For some, Noah’s Ark is a moralising narrative of loyalty, faith and triumph. For others, it’s a story about some cute animals and a bearded man going on a colourful adventure, aboard a big boat.
But the story that many of us were told, from the illustrated pages of a picture book or the catchy little accompanying jingle in our Reception classrooms, captured our imaginations. How exactly did the lion share a space with the zebra and not rip each other to shreds? Riddle me that.
It’s even become the stuff of silver screen legend, with the likes of Anthony Hopkins tackling the tale:
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But, aside from children’s stories, the Bible passage has resulted in an astounding scientific endeavour to try and find the remains of the gigantic wooden ark.
According to Genesis 8:4, the Ark landed on the mountains of Ararat on the 150th day of the great flood, after God told Noah to enter the great ship with all his household and animals.
But Professors of Theology and Science think they’ve found authentic evidence that corroborates the Genesis scripture, in a focused search on Mount Ararat in north-eastern Turkey, where eyewitness accounts of a wooden structure have spurred interest for centuries.
Ark investigators believe they have found traces of a wooden structure on Mount Ararat, also known as Agri Mountain, in Agri, Turkey.
American researcher Professor Paul Esprante said he intends finding more evidence to prove the Ark landed there.
He was one of 108 scientists from Turkey and around the world speaking at the three-day International Symposium of Mount Ararat and Noah’s Ark in Agri, which looks at evidence put forward for the Ark’s final resting place.
Professor Paul Esprante said:
My purpose is to visit the sites around the mountain to find clues about catastrophic events in the past. I think that rigorous, serious scientific work is needed in the area, and I would like to collaborate in that.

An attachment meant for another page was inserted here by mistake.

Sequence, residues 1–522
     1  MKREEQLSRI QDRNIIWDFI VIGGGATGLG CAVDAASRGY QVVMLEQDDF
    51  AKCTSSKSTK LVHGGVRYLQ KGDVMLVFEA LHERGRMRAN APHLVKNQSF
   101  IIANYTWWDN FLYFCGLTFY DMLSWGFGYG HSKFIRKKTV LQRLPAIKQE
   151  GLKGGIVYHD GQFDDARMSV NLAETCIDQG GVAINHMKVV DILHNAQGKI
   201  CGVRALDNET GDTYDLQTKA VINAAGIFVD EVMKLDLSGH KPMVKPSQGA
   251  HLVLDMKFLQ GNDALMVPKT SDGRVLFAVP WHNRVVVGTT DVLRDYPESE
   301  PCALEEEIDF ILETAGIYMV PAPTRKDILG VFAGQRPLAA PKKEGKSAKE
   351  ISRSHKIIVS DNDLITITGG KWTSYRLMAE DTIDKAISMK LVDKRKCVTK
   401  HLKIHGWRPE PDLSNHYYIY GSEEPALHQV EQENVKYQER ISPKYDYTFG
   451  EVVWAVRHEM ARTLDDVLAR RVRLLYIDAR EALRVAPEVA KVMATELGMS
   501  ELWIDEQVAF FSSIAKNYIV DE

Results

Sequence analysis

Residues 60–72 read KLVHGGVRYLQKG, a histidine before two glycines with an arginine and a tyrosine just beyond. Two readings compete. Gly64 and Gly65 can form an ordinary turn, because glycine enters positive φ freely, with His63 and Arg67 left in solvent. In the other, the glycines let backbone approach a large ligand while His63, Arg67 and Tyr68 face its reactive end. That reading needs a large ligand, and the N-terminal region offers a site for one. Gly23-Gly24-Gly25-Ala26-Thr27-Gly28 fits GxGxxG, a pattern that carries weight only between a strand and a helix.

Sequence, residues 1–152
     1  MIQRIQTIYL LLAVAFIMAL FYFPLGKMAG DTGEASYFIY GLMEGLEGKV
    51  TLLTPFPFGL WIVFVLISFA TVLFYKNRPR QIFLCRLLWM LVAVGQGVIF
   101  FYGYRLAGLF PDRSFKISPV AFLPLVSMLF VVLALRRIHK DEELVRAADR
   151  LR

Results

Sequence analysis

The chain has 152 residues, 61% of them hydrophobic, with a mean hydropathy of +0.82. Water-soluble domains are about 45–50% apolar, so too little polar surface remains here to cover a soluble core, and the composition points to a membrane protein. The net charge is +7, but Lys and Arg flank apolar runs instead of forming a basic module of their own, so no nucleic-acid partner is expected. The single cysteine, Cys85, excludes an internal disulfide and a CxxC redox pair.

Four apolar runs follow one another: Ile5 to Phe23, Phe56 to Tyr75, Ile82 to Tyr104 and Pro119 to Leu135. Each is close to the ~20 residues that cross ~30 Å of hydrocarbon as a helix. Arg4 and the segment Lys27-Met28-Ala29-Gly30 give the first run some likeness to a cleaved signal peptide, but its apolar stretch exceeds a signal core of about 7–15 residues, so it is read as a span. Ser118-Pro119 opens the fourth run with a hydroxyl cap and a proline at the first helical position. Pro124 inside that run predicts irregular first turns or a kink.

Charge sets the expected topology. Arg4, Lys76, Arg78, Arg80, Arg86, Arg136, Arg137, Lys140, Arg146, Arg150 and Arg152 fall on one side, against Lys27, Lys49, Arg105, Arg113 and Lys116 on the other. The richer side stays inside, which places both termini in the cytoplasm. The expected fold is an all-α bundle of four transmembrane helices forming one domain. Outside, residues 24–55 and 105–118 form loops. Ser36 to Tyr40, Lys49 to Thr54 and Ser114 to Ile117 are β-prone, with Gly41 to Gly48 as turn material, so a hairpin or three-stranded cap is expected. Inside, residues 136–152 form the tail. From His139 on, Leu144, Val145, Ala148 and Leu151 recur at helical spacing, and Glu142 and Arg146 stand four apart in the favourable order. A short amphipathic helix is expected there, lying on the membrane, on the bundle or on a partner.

We have technical resources and we can work together with local experts. The result of my findings will be published in books, publications and journals, but at this point it is too early to know what we are going to find.
Once the scientific community knows about the existence of Noah’s Ark in Mount Ararat, we can make it available to the general public.
Meanwhile, the theories are still hotly disputed in the theological research community, reports the Express.
Another expert, Dr Andrew Snelling, who has been investigating the location of Noah’s Ark is unconvinced by the latest theory, he claimed: ‘Mount Ararat did not grow until after the ocean waters retreated’.
Snelling also dubbed the flood ‘a global catastrophe that totally reshaped the earth’s geology’, adding, ‘the earth’s surface has continued to change since then’.
He claims on his Christian apologetics website Answers in Genesis instead the giant ship landed on ‘another high mountain in the region at the time’.
There is now an Ark Encounter and Creation Museum you can visit in Petersburg, Kentucky, where craftsmen have built a replica of the Ark in an ‘historical theme park, with a 510-foot-long Ark as the centerpiece’.
The real mystery remains unsolved.
A former emo kid who talks too much about 8Chan meme culture, the Kardashian Klan, and how her smartphone is probably killing her. Francesca is a Cardiff University Journalism Masters grad who has done words for BBC, ELLE, The Debrief, DAZED, an art magazine you’ve never heard of and a feminist zine which never went to print.